Opposed to the fight or flight, your body can also enter a “freeze” mode. When someone is experiencing this freeze response you may see them sitting still and possibly not even blinking. This is a natural defense mechanism that sets in for an individual to “play dead” so the threat would move on. Even though we know that panic attacks are random and occur without threat. 

Change In Skin Colour 

People experiencing a panic attack can often show a more pale skin color. The reason for this is that the blood is taken away from the skin and is directed toward the heart, which is often beating a lot faster than normal. 

What Causes Panic Attacks?

What Causes Panic Attacks
Long-term stress can be a reason for panic attacks. Photo: Mike_shots/Shutterstock

There are many psychological, environmental, and pharmacological causes including:

  • Long term stress
  • Mental health conditions 
  • Low self-esteem 
  • Alcohol withdrawals 
  • Side effects of some medicine 
  • Caffeine intake 

Long Term Stress

Long-term stress can flood your body with the hormone cortisol, which has been associated with anxiety and panic attacks. This really shows the importance of managing your life stressors before they get out of hand. 

Mental Health Conditions

If you have a mental health condition i.e., anxiety disorders, chances are that you could go into a state of panic, especially if you are not being addressed by a mental health professional. 

Low Self-esteem

People with low self-esteem tend to beat themselves up about every little mistake that they have made. Being in a low mood can cause anxiety or panic attacks. 

Alcohol Withdrawal  

Along with many other withdrawal symptoms like depression, panic attacks also seem to be of regular occurrence when one eliminates alcohol. The best option would be to reduce alcohol slowly instead of abruptly stopping. 

Side Effects Of Some Medicine

Some medications that are used to treat conditions like ADHD, asthma, thyroid problems, and seizures have had many reports of anxiety and panic attacks. 

Caffeine Intake 

Caffeine mimics some of the symptoms that are a panic attack i.e., higher heart rate and jitters. People who already suffer from panic attacks may believe that they are having a panic attack, which would make things worse.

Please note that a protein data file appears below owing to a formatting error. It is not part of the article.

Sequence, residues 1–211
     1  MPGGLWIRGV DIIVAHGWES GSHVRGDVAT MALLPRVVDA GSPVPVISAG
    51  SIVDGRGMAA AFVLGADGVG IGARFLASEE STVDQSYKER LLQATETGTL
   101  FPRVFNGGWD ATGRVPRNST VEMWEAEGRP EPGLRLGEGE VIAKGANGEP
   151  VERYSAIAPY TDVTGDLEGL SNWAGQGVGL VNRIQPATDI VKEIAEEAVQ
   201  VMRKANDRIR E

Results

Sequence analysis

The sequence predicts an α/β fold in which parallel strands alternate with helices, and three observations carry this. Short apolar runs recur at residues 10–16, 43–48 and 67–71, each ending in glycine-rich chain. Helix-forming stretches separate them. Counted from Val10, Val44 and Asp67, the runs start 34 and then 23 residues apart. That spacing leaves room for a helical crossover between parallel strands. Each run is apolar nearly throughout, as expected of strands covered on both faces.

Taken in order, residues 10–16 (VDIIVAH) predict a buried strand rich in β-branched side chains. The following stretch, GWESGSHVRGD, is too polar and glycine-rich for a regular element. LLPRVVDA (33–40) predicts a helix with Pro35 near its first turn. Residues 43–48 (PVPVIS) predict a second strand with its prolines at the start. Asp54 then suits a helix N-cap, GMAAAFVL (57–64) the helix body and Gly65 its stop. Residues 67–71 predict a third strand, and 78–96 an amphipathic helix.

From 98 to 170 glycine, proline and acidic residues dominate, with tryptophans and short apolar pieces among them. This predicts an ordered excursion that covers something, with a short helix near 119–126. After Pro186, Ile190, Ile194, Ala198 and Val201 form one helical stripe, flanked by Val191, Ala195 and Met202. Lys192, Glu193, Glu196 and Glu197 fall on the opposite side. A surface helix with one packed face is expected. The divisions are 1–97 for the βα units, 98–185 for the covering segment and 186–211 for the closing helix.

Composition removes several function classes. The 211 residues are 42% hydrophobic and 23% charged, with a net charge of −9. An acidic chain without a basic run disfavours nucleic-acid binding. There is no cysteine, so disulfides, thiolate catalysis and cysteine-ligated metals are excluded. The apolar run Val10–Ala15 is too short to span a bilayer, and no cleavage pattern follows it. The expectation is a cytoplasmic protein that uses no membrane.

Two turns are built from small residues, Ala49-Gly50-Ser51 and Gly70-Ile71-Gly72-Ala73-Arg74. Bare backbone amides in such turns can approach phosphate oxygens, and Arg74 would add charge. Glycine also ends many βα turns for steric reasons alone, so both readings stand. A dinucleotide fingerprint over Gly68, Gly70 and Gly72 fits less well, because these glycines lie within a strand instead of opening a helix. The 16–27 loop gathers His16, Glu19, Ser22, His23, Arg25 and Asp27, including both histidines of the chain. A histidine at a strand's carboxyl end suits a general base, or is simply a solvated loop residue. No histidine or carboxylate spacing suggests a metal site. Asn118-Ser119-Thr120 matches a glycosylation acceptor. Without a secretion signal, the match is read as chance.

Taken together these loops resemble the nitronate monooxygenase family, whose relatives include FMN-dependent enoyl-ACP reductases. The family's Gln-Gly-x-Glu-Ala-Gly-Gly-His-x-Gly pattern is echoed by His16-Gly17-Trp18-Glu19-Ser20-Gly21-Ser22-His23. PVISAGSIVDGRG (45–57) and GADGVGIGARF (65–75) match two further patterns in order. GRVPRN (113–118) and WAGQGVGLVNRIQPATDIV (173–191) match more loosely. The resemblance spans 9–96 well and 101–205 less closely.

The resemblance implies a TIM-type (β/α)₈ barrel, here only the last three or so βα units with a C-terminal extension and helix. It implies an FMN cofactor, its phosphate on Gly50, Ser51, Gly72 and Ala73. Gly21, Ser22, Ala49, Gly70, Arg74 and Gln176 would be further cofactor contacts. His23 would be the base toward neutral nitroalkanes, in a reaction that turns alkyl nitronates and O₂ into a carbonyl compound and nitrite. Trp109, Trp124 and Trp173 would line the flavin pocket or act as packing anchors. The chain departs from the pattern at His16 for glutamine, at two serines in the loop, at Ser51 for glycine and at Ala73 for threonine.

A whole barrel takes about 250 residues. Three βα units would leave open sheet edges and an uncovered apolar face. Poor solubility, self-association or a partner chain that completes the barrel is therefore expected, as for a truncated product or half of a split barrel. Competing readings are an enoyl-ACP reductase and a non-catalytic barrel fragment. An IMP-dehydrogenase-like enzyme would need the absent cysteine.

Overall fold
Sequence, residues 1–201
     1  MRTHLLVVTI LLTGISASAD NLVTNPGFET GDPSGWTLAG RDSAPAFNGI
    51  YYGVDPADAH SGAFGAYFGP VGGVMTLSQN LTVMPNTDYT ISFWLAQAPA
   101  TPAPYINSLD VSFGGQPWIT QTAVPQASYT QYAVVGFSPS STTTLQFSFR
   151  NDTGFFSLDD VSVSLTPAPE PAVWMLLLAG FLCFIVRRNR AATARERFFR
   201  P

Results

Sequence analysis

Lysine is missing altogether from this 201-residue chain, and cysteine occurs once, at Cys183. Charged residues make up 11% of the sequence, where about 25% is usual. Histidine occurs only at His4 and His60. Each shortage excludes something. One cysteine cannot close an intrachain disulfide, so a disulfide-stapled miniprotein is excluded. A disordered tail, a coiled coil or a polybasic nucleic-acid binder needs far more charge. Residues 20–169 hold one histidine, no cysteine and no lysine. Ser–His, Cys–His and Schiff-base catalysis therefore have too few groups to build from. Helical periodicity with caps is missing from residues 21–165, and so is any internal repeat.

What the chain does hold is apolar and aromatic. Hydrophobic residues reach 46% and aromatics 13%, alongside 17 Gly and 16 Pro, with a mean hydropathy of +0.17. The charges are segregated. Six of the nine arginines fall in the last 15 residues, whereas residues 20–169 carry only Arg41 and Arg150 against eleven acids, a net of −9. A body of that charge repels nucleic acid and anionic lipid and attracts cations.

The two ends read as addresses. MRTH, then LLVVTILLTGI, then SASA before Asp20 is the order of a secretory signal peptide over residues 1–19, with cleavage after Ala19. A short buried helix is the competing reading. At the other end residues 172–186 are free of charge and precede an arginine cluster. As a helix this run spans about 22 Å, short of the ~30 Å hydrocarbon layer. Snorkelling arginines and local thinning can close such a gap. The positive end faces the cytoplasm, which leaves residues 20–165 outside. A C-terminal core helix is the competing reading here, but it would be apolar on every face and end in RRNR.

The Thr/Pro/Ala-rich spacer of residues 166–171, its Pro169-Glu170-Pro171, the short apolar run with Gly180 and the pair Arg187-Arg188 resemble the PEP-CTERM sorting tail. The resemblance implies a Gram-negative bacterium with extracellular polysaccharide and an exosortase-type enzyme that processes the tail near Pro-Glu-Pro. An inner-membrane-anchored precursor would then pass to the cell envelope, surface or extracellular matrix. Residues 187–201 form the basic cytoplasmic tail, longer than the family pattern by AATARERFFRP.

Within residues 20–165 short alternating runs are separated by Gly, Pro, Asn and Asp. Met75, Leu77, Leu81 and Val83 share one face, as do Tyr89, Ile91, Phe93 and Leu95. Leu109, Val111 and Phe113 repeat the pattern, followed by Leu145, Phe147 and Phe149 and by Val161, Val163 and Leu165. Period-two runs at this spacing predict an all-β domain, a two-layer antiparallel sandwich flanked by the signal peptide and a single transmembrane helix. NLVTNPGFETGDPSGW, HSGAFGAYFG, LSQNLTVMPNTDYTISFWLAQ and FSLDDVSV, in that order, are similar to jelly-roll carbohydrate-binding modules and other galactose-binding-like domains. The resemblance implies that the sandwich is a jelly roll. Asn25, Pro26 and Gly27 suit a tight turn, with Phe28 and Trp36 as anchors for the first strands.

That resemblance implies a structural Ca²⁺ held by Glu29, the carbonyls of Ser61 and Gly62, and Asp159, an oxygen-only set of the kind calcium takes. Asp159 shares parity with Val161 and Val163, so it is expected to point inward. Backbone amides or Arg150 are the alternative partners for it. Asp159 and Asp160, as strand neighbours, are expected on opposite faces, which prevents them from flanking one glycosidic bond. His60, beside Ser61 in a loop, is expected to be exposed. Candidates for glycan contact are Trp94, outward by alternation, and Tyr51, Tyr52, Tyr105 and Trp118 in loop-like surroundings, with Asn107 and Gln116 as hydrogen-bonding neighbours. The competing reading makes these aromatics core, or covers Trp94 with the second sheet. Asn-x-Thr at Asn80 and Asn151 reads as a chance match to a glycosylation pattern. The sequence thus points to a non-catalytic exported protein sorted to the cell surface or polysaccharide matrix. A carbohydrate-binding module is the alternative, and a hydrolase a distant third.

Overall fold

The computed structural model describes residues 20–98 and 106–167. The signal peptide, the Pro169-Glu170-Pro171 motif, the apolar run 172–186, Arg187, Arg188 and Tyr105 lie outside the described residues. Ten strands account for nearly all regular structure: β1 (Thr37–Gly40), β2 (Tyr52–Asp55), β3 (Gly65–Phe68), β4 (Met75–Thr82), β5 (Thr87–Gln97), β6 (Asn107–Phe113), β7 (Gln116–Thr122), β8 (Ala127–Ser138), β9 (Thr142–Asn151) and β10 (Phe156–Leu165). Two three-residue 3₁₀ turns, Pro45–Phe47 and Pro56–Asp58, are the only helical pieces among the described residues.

How To Stop A Panic Attack

Cognitive Behavioral Therapy (CBT)

CBT allows you to talk to a real trained professional, who aims to unfold the root of your fearfulness and panic attacks by using a variety of strategies like cognitive reconstructing, guided discovery, exposure therapy, journaling, etc. This will help change your thought pattern and stop recurring panic attacks.

A session of CBT lasts around 1 hour and the number of sessions depends on the patient. Personally, I found that 12 sessions worked well to the point that I never experienced any anxiety or panic attacks again. 

Talk To Yourself

Positive self-talk is a great way to distract yourself from the symptoms of a panic attack, which would eventually go away, allowing you to get on with your day.  You could include some positive affirmations that would go along the lines of “Nothing is wrong with me” “I cannot be controlled by anything” or “I am better than anxiety”.

Deep Breathing

Breathing exercises, also known as deep and controlled breathing, is a method to prevent panic attacks. Deep breathing can take the focus away from the panic attack symptoms and place them onto the body. This can put a full-fledged panic attack to a halt.